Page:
FIGS. 4 a and 4 b show the magnetization characteristic, that is, the variation of the magnetization M as a function of the field strength H, in a dispersion containing such particles. It can be seen that the magnetization M no longer changes above a field strength +Hc and below a field strength −Hc, which means that a saturated magnetization exists. The magnetization is not saturated between the values +Hc and −Hc.

FIG. 4 a illustrates the effect of a sinusoidal magnetic field H(t) if no further magnetic field is active. The magnetization reciprocates between its saturation values at the rhythm of the frequency of the magnetic field H(t). The resultant variation over time of the magnetization is denoted by the reference M(t) in FIG. 4 a. It can be seen that the magnetization likewise changes cyclically, by which means a similarly cyclic signal is induced outside the coil. As a result of the non-linearity of the magnetization characteristic, this signal is no longer purely sinusoidal in form but contains harmonics, i.e. higher harmonics of the sinusoidal fundamental wave. These harmonics, which can easily be separated off from the fundamental wave, are a measure of the particle concentration.

The dashed part of the line at the center of the curve denotes the approximate mean variation of the magnetization as a function of the field strength. As a deviation from this center line, the magnetization extends slightly to the right when the magnetic field H increases from −Hc to +Hc and slightly to the left when the magnetic field H decreases from +Hc to −Hc. This known effect is called a hysteresis effect and underlies a mechanism for the generation of heat. The hysteresis surface area which is formed between the paths of the curve and whose shape and size are dependent on the material, is a measure of the generation of heat upon variation of the magnetization.

FIG. 4 b shows the effect of a sinusoidal magnetic field H(t) on which a static magnetic field H1 is superposed. Because the magnetization is in the saturated state, it is practically uninfluenced by the sinusoidal magnetic field H(t). The magnetization M(t) remains constant over time at this area. Consequently, the magnetic field H(t) does not cause a change of the state of the magnetization and does not give rise to a detectable signal that can be detected with a suitable coil.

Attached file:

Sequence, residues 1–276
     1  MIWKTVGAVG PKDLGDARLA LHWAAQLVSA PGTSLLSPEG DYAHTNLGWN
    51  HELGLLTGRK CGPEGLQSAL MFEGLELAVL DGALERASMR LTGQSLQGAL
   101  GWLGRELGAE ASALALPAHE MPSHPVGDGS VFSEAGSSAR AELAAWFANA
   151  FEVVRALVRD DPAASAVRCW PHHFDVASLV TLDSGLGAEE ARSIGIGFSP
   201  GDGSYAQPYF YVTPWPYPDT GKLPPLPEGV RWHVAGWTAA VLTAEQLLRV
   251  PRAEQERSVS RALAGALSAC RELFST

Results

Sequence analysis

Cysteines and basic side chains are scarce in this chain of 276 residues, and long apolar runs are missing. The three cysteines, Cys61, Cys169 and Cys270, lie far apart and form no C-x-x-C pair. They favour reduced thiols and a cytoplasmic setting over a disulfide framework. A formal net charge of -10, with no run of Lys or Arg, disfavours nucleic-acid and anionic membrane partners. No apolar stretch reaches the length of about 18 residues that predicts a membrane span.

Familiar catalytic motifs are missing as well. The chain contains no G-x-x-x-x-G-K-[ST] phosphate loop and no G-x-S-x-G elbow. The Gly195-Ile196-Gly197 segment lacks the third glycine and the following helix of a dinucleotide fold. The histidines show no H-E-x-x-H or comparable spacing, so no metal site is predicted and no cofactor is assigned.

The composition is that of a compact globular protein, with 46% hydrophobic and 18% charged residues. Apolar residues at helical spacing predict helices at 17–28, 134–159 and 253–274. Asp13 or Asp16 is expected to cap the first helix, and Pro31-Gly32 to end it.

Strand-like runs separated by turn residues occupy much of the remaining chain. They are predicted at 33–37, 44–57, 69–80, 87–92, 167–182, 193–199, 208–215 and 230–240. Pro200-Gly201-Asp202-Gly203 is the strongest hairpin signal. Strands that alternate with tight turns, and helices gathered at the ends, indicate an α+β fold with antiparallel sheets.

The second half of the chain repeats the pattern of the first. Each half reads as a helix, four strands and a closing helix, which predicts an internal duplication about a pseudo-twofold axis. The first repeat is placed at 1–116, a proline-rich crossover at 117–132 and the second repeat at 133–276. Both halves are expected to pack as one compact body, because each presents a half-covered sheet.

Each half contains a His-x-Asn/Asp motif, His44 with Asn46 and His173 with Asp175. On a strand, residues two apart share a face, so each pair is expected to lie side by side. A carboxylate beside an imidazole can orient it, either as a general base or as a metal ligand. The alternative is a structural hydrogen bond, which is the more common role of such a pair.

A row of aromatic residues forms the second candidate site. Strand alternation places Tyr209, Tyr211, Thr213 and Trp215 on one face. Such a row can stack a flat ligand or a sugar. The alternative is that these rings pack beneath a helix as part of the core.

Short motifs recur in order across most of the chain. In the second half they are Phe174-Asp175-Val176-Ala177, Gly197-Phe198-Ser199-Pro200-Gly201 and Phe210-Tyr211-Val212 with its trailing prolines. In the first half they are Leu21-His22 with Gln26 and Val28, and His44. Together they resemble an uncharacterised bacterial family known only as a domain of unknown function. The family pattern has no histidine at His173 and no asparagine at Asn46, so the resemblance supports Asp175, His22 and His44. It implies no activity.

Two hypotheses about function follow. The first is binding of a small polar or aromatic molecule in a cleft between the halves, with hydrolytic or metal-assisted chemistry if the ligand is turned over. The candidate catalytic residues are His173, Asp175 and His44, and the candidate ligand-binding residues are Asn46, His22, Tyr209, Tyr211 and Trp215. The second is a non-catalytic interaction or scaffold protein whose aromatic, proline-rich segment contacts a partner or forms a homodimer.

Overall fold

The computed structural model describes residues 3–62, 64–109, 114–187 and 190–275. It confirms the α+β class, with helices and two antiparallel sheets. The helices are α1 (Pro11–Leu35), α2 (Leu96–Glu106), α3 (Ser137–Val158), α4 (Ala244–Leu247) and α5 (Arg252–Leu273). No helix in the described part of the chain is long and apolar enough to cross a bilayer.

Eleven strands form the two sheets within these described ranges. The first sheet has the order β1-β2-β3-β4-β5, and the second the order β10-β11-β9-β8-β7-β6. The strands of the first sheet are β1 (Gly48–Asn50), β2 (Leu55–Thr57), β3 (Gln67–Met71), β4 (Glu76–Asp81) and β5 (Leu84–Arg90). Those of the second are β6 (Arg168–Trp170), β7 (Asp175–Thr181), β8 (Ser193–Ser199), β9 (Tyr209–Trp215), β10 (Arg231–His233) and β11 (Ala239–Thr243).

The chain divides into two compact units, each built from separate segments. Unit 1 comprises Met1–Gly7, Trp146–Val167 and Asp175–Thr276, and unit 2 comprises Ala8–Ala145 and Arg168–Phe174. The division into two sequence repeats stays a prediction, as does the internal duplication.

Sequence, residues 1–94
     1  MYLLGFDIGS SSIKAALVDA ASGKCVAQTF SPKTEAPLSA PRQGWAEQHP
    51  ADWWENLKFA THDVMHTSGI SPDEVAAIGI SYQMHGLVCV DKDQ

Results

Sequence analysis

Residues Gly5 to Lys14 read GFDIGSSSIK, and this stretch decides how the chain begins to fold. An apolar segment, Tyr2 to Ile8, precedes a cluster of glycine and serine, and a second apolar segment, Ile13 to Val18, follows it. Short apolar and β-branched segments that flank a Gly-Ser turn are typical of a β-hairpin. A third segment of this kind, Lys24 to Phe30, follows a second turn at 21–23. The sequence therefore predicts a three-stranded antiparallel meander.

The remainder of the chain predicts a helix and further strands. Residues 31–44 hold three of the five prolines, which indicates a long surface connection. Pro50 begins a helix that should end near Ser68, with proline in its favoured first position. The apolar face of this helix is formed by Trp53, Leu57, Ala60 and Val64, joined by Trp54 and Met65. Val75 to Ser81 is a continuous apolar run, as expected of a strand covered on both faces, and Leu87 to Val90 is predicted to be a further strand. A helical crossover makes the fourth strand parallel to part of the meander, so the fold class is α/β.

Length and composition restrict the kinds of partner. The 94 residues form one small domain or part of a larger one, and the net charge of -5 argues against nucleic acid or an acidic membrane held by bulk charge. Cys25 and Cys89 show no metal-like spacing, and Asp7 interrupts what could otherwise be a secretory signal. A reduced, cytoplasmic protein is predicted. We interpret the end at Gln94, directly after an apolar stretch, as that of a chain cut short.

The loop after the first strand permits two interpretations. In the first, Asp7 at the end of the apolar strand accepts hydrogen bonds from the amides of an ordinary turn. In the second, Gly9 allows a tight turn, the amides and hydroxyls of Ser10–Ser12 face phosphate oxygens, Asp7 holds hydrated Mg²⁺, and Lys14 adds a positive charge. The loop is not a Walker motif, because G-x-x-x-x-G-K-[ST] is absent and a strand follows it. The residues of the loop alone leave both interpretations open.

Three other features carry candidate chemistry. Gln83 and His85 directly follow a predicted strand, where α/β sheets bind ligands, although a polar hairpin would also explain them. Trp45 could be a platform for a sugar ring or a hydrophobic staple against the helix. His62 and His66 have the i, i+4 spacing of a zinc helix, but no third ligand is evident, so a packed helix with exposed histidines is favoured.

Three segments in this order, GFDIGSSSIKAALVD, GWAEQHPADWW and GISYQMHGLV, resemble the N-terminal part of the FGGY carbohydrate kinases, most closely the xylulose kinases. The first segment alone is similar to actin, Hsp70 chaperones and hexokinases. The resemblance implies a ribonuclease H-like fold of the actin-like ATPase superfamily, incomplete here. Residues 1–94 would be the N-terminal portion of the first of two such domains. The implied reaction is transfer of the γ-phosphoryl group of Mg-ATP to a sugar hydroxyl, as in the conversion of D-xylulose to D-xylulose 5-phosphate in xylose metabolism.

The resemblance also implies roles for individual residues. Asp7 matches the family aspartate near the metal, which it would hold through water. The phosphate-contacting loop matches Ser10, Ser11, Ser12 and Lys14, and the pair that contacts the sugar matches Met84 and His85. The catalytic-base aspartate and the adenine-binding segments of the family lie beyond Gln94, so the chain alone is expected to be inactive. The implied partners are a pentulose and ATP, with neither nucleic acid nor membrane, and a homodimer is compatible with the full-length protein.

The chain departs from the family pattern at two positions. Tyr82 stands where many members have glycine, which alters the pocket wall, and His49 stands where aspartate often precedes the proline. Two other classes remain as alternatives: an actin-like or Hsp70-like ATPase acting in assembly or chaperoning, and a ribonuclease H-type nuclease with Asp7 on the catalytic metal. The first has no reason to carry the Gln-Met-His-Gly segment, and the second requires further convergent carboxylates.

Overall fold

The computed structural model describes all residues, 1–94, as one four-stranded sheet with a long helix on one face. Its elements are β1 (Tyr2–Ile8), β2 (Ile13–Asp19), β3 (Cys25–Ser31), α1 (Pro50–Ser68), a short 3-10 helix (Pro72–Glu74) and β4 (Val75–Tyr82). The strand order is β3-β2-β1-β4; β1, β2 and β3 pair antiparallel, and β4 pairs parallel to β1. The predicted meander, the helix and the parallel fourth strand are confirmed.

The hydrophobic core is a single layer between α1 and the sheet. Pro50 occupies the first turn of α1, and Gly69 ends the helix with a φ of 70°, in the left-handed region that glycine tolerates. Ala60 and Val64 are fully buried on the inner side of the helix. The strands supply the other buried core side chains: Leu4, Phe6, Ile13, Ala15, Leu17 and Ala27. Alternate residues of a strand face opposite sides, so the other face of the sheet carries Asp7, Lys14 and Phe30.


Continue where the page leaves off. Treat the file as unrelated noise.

In the invention, a spatially inhomogeneous magnetic field is generated by appropriate means in a region of action in which magnetic particles are situated. Such means may, for example, be permanent magnets, or electrical conductors as in coils, through which electrical currents flow in the operating state. The magnetic field generated comprises a first sub-zone of low magnetic field strength and a second magnetic sub-zone of higher magnetic field strength. The magnetization of those magnetic particles that are situated in the second sub-zone is in a state of saturation. The magnetization of those magnetic particles that are situated in the first sub-zone is not saturated. To obtain any details of the spatial concentration of the magnetic particles in the object 1 being examined, there are, above and below the patient 1 and the plate of the table, a plurality of pairs of coils, whose region of action defines the examination zone (FIG. 1). A first pair of coils 3 comprises the two windings 3 a and 3 b of identical construction that are arranged co-axially above and below the patient and through which currents of equal size but opposite directions of circulation flow. The gradient magnetic field generated by them is shown in FIG. 2 by means of the field lines 300. Its gradient in the direction of the (vertical) axis of the pair of coils is almost constant and at one point along this axis it reaches a value of zero. Starting from this field-free point, the strength of the magnetic field increases in all three directions in space with increasing distance from the point. In a zone 301 (the first sub-zone) around the field-free point, which zone is indicated by a dashed line, the field strength is so low that the magnetization of magnetic particles situated in it is not saturated, whereas outside the zone 301 it is in a state of saturation.

The size of the zone 301 determines the spatial resolution of the apparatus and is dependent on the one hand on the magnitude of the gradient of the gradient magnetic field and on the other hand on the strength of the magnetic field required for saturation. For a diameter of 10 μm of the sphere shown in FIG. 3, this strength amounts to 1 mT and to 100 μT for a diameter of 100 μm. For the latter value and a gradient of 0.2 T/m of the magnetic field, the zone 301 in which the magnetization of the particles is not saturated has a dimension of 1 mm.